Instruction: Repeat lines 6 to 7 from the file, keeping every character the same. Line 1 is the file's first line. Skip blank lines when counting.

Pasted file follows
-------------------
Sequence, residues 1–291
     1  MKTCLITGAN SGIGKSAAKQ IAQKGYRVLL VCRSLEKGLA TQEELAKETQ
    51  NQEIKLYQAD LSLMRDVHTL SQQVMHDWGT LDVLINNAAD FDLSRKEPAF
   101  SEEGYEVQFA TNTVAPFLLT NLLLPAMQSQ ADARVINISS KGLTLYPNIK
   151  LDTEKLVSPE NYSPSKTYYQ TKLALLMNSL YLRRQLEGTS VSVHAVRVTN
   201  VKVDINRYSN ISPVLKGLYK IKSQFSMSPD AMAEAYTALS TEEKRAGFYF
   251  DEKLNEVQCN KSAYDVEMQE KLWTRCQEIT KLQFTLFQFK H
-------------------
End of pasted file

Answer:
   201  VKVDINRYSN ISPVLKGLYK IKSQFSMSPD AMAEAYTALS TEEKRAGFYF
   251  DEKLNEVQCN KSAYDVEMQE KLWTRCQEIT KLQFTLFQFK H